This blog post has 2 parts - a short overview of what I do in the way of strength training and the real reason I decided to write this... a rant! Note: I am NOT a certified personal trainer or certified strength trainer. (I'm not a doctor, lawyer, or IT expert either but that's probably not relevant here!)
As my blog readers may know, I had a self-inflicted bike crash 2 1/2 months ago. One of the things I could sort of do shortly after the injury was do strength training, albeit with many modified movements. I have to give credit to Diane Buchta, my go-to strength trainer, who's knowledge and understanding is always current, broad, and detailed. I didn't see her after my injury for advice - she had already taught me that there are "work arounds" for many things that you do in the weight room. They may not be perfect substitutes but work arounds can keep you in the game. And I desperately wanted to be doing something, even though pain management and healing were the top priorities.
WHAT I DO: Strength training is an often overlooked component of training that can be beneficial for a triathlete. It does some important things for you. It builds your strength which can be tapped into during training and especially racing as you fatigue. It helps allow you to recruit more muscle fibers to utilize during your event. And, maybe most importantly, it can, when done properly, build strength which in turn helps provide stability around joints that are in motion. This further helps to prevent injury. Just as training (swim, bike, and run) are periodized over a year, my strength training is broken into phases.
I try to strength train three times a week during a typical week, though the 3rd session is limited to "core" plus one or 2 extra moves I don't do consistently. My exercises are a combination of free weights, machines, and body weight exercises. While total body movement exercises are popular these days and do have added benefits, in the interest of safety and/or convenience not everything I do conforms to that ideal. The muscle usage and movements are nearly all specific to triathlon and fortunately that tends to be a pretty well-rounded workout! I work the upper body (biceps, triceps, deltoids, lats, scapula area) using a combination of dumbbells and pulley machines. Lower body (quads, hammies, calves, hip adductors/abductors, glutes) tends to mostly be done on machines for convenience, though there is a move or two using dumbbells and barbells. What I call core - even though that's a less than precise term - uses mostly my own body weight along with the use of things that cause some instability, e.g. BOSU ball and fitness ball.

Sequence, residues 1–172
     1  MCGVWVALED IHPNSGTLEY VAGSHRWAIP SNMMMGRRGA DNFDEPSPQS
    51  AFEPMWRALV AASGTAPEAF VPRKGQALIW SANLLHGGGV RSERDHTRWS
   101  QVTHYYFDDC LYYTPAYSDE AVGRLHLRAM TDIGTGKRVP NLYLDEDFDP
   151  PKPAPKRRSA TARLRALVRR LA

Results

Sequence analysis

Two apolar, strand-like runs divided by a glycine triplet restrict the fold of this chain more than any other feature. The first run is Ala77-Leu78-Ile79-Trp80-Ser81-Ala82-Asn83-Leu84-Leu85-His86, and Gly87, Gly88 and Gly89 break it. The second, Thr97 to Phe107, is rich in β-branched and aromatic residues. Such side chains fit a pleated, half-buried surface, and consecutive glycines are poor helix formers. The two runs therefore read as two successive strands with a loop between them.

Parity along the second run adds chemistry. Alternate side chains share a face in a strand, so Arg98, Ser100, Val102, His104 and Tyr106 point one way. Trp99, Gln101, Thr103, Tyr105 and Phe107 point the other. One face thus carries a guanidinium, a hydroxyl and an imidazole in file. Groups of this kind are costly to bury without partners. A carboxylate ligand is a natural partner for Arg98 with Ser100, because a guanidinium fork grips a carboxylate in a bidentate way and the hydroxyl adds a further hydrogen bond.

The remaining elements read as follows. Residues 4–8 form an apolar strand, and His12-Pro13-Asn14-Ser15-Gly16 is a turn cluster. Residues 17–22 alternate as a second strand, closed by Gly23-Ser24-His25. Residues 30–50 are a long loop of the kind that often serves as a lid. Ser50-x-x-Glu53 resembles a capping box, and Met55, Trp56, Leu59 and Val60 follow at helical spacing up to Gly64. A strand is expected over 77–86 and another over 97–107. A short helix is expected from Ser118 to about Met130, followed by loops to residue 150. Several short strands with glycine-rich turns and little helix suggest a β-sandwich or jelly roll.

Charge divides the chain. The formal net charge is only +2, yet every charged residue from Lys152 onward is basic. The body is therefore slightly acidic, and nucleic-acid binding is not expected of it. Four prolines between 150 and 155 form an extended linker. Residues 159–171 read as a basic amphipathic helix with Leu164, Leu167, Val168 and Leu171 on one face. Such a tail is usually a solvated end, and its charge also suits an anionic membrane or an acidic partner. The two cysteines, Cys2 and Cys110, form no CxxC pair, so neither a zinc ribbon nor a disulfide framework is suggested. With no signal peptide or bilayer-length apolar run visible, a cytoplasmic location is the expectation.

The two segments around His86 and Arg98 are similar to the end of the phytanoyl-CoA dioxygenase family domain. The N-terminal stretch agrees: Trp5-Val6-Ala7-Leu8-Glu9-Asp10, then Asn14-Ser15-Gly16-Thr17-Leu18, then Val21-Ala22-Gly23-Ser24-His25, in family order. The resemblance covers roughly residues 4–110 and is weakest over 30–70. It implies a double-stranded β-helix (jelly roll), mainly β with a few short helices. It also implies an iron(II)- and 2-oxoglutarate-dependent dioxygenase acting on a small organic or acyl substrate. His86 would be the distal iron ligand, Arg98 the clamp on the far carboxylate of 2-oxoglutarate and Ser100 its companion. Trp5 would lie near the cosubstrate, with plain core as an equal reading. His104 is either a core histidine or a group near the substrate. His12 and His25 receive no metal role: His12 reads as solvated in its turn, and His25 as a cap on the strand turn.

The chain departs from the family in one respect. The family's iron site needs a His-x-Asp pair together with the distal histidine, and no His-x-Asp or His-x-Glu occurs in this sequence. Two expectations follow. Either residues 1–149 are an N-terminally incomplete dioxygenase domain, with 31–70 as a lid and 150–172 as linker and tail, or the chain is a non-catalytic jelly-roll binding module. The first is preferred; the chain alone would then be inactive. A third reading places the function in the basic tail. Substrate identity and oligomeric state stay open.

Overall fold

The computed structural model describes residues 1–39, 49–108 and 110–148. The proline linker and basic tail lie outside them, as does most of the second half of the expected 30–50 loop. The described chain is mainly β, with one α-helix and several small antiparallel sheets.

As we get older (I'm 59 this year? Yikes!) I know that strength training is even more important. It's often stated that we lose muscle mass as we age. Although this is true if you reached your peak muscle mass as a fine tuned machine in your 20s or 30s, it's also true that you can make progress and increase strength if you go from not doing any strength training to starting a program with the idea of gaining strength. I still surprise myself once in a while when I can up the weight on a particular exercise. While it's true that I have stalled in progressing with some movements, that may also simply be a function of not pushing harder to do more. Since Just like with any race, if you've done the training the biggest limiter tends to be what's between your ears
RANT: I typically visit the weight room at my YMCA 2-3 times a week to do some sort of strength training. Two things cross my mind each and every time I'm there. First, I think of my guru coach who "showed me the way" with what to do and how to do strength training for triathlon. Second, WITHOUT FAIL I see someone lifting incorrectly. Typically what I see is a reduced range of motion on the exercise they're doing, be it free weights or machine weights. COME ON!!! DO IT RIGHT! These people typically move the weight anywhere from about half the normal range of movement all the way down to less than 20%! Biceps curls, rows, bench press, leg curls, back extensions - you name it and they screw it up.
Some of these people are obviously most concerned about how much weight they're lifting, form be damned. They can "row" 8 weight plates on the machine, for example, but if I were to ask them to do the full range of motion they would have to cut back to at most 4 plates. Chances are they would never voluntarily do that because their ego won't let them do less. Instead they fool themselves into thinking they can do the exercise at "8". It almost makes me cringe to watch them. I bite my tongue (or mumble under my breath) and shake my head because it's none of my business. But if I was their coach they would certainly hear about it!
There are many benefits of strength training for triathlon and for life in general. This becomes more and more critical as the years go by. If you get on a strength training program, GET SOME HELP. Pay an expert for a session or series - get someone who can get you set up in a program. Diane Buchta, my teacher/coach, is a knowledgable expert. Or look to another experienced personal trainer with a good background who works at your gym or YMCA. Talk to Joey Morstad, a Team Challenge Triathlon alum. I am also a resource with a few years of experience, though I'm not certified by NASM, ACE, or some of the other fitness industry organizations.
Just please... DO IT RIGHT!!!